Letters to the Editor

Guest column: ‘What I would have said about Gitmo’

Several months ago, I was invited to speak at McHenry County College about my experience representing Guantánamo detainees.

The event was scheduled to take place last week, but after I received a slew of threats of violence to myself and my family, it’s not going to happen.

In blog postings and expletive-filled messages left on my personal cell phone, I was called a traitor, asked how I slept at night, and told that I would burn in hell. My clients were called murderers, and my family was threatened. After consultation with the Crystal Lake Police Department, the college understandably chose to cancel my talk.

It’s a shame. A handful of people, purporting to be patriots, have silenced the community’s right to hear a different perspective on our national detention policy. So I’d like to tell you some of what I would have said about Guantánamo at MCC last week.

I would have said that my former law firm began working on the Guantánamo cases just after we’d finished representing, pro bono, the families of firefighters and police officers who were killed in the World Trade Center.

I would have explained that we went to court for a dozen men who had been held for years without charge or trial because we felt no inconsistency in representing the victims of terror while also fighting for the rule of law.

I would have said that many – although not all – of the men at Guantánamo are entirely innocent of any wrongdoing. I would have pointed out that most of the men imprisoned at Guantánamo were not picked up on a battlefield and were not taken prisoner by American troops. According to the military’s own records, 86 percent of the men were picked up by Pakistani security forces at the Pakistan border.

I would have said that there’s a real problem when you capture someone wearing civilian dress, because you don’t know whether he’s a civilian or an enemy soldier. How do you tell the difference? I would have pointed out that Army regulations and the Geneva Conventions give us an answer: Hold a status hearing near in time and place to the capture to determine whether you’ve made a mistake.

I would have said that during the first Gulf War, American troops captured 1,196 men, held status hearings, and concluded that we had made mistakes in 886 cases – a 74 percent error rate.

I would have said that during the Afghan conflict, in contrast, we held no hearings to screen out errors that had been made by Pakistani soldiers.

I would have said that the Bush administration eventually acknowledged most of its mistakes at Guantánamo by releasing more than 500 of the 770 men who were detained there. I would have said that my colleagues and I have won three Supreme Court decisions, affirming that a Guantánamo prisoner’s right to a day in court is a constitutional principle that cannot be taken away by the government.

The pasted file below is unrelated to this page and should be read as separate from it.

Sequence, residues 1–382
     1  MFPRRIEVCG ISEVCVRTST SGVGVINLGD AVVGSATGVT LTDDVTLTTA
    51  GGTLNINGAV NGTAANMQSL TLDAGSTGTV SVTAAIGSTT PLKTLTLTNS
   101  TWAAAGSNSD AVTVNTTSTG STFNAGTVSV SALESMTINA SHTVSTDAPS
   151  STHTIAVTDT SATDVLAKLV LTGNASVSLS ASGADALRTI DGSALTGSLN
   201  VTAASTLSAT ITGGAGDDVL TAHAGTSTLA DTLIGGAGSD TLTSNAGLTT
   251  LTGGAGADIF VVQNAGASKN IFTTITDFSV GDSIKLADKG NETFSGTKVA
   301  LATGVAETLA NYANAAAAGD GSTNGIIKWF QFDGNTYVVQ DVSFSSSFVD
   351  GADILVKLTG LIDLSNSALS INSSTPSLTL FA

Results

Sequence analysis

I would have said that the trial courts have looked at the cases of 38 of the prisoners at Guantánamo, and determined that in 30 of them the prisoner was actually an innocent civilian, not an enemy soldier or terrorist.

I would have said that, as part of my representation of my clients, I wanted to show the public that these men were human beings, not a dozen Muslim variations on Hannibal Lecter.

I would have said that I decided to gather some of the poetry they had written while “inside the wire” at Guantánamo. I would have described my inspiration for the project, which was my experience reading the poems of Brian Turner, an American veteran of the Iraq War, whose poems bridged the cultural gap between civilian and soldier, Iraqi and American.

I would have said that the Guantánamo prisoners wrote their poetry in part to reaffirm their humanity while living in extreme isolation. I would have told my audience that although the prisoners were denied pen and paper, they wrote nonetheless by using a pebble to scratch a line or two onto the Styrofoam cups that they were served with their lunch.

I would have said that my clients were not terrorists. I would have discussed their cases in more detail, explaining why they were in Afghanistan or Pakistan or Egypt when they were taken into custody.

I would have said that it is un-American to deny any person his day in court.

I would have said much more if the lecture had not been shut down, and I would have answered questions from skeptics. Maybe, if we can all remain civil, we’ll have the chance to actually have a discussion soon at MCC.

• Marc Falkoff is a law professor at Northern Illinois University College of Law. Since 2004, he has been a lawyer for sixteen Guantanamo detainees.

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